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Queen gets more nervous about her horse races than she did on her coronation, royal author reveals

The Queen once quipped that she gets more nervous about her horse races than she did about her own televised coronation, a royal author has claimed.

Her Majesty, 94, made the admission minutes before attending the 1953 event, according to writer Karen Dolby, who shared the amusing moment in her recent book The Wicked Wit of the Royal Family.

It comes after the Queen was said to be ‘delighted’ to have a winner on day two of Royal Ascot, with one of her horses, Tactical, claiming victory in the Windsor Castle Stakes on Wednesday.

The Queen (pictured at Windsor Castle in June) once quipped that she gets more nervous about her horse races than she did about her own televised coronation, a royal author has claimed

The Queen (pictured at Windsor Castle in June) once quipped that she gets more nervous about her horse races than she did about her own televised coronation, a royal author has claimed

It comes after the Queen was said to be 'delighted' to have a winner on day two of Royal Ascot, with one of her horses, Tactical (above), claiming victory in the Windsor Castle Stakes on Wednesday

It comes after the Queen was said to be ‘delighted’ to have a winner on day two of Royal Ascot, with one of her horses, Tactical (above), claiming victory in the Windsor Castle Stakes on Wednesday

Writing in her book, Karen said, via The Sun: ‘Arriving at Westminster for her coronation on the 2 June 1953, one of the Queen’s attendants commented, ‘you must be feeling very nervous ma’am?”

To which the monarch, quite unexpectedly, replied: ‘Of course I am…But I really do think the Aureole will win.’

Karen explained: ‘She was talking about her horse due to run in the Derby four days later. In the end he was runner-up, second to Pinza.’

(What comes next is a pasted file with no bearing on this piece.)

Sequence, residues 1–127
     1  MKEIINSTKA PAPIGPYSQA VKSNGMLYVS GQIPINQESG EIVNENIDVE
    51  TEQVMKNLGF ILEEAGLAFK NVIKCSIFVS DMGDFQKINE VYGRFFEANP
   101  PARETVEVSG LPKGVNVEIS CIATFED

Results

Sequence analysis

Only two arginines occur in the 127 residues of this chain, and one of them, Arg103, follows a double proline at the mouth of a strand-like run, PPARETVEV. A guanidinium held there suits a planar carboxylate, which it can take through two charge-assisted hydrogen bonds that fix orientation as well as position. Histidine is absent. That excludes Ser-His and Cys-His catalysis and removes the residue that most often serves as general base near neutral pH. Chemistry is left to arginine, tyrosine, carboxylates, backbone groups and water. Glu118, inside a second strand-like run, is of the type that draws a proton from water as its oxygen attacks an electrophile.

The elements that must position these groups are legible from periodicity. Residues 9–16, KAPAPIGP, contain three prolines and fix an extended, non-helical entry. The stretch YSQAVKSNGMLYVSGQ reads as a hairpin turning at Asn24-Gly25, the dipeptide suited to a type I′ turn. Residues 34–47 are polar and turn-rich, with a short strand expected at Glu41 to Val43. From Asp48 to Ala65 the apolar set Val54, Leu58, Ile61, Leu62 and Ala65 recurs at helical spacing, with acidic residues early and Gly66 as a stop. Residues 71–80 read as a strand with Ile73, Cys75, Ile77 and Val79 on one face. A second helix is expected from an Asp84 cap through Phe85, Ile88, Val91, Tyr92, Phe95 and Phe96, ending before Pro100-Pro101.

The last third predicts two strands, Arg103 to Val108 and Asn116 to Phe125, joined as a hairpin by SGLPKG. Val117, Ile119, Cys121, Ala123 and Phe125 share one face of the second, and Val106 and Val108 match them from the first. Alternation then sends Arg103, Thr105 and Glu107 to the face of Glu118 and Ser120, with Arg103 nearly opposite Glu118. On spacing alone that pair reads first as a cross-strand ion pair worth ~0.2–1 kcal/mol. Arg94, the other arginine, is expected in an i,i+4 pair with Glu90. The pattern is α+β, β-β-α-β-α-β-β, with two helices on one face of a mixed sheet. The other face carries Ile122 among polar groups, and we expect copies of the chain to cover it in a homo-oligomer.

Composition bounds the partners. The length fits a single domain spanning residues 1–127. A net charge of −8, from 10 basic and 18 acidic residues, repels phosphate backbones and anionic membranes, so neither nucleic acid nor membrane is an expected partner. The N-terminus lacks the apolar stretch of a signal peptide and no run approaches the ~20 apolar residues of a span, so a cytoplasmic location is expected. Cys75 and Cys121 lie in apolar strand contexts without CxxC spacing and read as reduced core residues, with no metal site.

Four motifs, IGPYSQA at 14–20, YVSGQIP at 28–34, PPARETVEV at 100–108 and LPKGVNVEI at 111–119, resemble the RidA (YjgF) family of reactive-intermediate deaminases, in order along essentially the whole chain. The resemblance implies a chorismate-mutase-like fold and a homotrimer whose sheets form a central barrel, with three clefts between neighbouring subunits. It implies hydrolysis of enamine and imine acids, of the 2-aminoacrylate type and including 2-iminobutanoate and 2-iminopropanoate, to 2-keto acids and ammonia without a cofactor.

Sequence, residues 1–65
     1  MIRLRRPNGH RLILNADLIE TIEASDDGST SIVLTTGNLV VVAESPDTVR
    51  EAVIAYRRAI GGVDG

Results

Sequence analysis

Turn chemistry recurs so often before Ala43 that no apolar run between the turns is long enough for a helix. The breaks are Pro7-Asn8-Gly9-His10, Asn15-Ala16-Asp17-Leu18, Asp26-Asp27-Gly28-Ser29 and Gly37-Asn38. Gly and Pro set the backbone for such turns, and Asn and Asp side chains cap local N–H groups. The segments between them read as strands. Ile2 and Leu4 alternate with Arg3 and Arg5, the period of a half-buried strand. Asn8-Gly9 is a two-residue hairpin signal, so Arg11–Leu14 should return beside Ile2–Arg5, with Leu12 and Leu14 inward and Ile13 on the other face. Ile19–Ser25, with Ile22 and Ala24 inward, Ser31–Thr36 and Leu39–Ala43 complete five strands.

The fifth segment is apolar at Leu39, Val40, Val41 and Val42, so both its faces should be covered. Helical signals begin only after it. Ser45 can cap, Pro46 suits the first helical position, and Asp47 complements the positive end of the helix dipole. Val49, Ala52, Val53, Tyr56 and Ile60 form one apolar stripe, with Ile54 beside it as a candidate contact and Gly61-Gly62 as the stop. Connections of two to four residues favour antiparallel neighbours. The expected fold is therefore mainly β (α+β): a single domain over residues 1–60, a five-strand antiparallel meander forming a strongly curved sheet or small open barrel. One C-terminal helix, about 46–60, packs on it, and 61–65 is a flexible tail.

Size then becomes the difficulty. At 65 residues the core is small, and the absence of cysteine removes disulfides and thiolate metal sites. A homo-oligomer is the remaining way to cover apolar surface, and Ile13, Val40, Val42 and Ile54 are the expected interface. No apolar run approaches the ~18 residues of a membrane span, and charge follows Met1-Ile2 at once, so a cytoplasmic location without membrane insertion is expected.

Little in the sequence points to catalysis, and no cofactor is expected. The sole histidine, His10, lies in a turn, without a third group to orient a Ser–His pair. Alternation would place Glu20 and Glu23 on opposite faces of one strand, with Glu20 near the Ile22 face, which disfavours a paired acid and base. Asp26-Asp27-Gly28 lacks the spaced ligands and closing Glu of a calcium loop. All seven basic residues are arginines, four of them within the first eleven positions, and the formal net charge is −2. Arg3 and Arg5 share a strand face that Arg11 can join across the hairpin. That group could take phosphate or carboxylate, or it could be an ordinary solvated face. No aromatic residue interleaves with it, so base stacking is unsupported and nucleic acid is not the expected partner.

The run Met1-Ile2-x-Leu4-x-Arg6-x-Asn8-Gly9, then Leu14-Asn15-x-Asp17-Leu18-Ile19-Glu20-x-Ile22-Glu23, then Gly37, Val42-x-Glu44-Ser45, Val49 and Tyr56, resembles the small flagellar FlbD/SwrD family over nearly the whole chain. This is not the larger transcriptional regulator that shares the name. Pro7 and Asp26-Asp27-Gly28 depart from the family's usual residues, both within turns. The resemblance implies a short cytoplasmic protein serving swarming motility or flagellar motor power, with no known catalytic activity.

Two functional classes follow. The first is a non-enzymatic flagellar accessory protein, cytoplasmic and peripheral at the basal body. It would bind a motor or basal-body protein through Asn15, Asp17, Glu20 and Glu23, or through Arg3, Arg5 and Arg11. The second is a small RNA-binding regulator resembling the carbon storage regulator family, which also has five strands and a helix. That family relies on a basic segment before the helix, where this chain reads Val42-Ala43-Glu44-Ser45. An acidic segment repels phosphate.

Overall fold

The Queen’s love of horses is well documented and is she is said to be ‘delighted’ with her Royal Ascot win, according to her racing manager John Warren.

But he added that she is likely to have felt a tinge of disappointment at not being there to see the victory in person.

Her Majesty, 94, made the admission minutes before attending her 1953 coronation (above), according to writer Karen Dolby, who shared the amusing moment in her recent book The Wicked Wit of the Royal Family

Her Majesty, 94, made the admission minutes before attending her 1953 coronation (above), according to writer Karen Dolby, who shared the amusing moment in her recent book The Wicked Wit of the Royal Family

This year’s Royal Ascot is taking place behind closed doors amid the coronavirus pandemic, having started on Tuesday and running until Saturday.   

The monarch is following the coverage on television from Windsor Castle, where she is isolating with her husband Prince Philip, 99. 

It is the first time in her 68-year reign that she has not attended the popular annual horse racing event.

Wednesday saw success for the head of state when one of her horses, Tactical, claimed victory in the Windsor Castle Stakes.

Trainer Andrew Balding said: ‘It’s obviously a great thrill for all of us to have a royal winner at the Royal meeting.

The monarch is following the Royal Ascot coverage on television from Windsor Castle, where she is isolating with her husband Prince Philip (pictured together in the grounds in June), 99

 The monarch is following the Royal Ascot coverage on television from Windsor Castle, where she is isolating with her husband Prince Philip (pictured together in the grounds in June), 99








‘On race days we tend to give the Queen a ring in the morning and give her our thoughts. We did that this morning, so she was well informed.’

The win will have been the icing on the cake as the Queen followed proceedings closely from home, Mr Warren said.

He added: ‘Throughout the conversations the Queen was saying how delighted she is to produce a two-year-old winner at Royal Ascot.’

Mr Warren described the monarch as ‘very pragmatic’ and someone who ‘doesn’t get frustrated lightly’ but said there will most likely have been some disappointment on her part at not being present for the win.

It was the Queen’s 24th Royal Ascot winner and first since Dartmouth won the 2016 Hardwicke Stakes. 

Mr Warren added: ‘I suspect deep down there was a tinge of disappointment she was not there but it was completely overridden by the fact she had a winner and was proud of breeding it.’  

The Queen has been around horses since her early childhood, with her first riding lesson taking place when she was just four-years-old at the Buckingham Palace Mews.

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Written by Angle News

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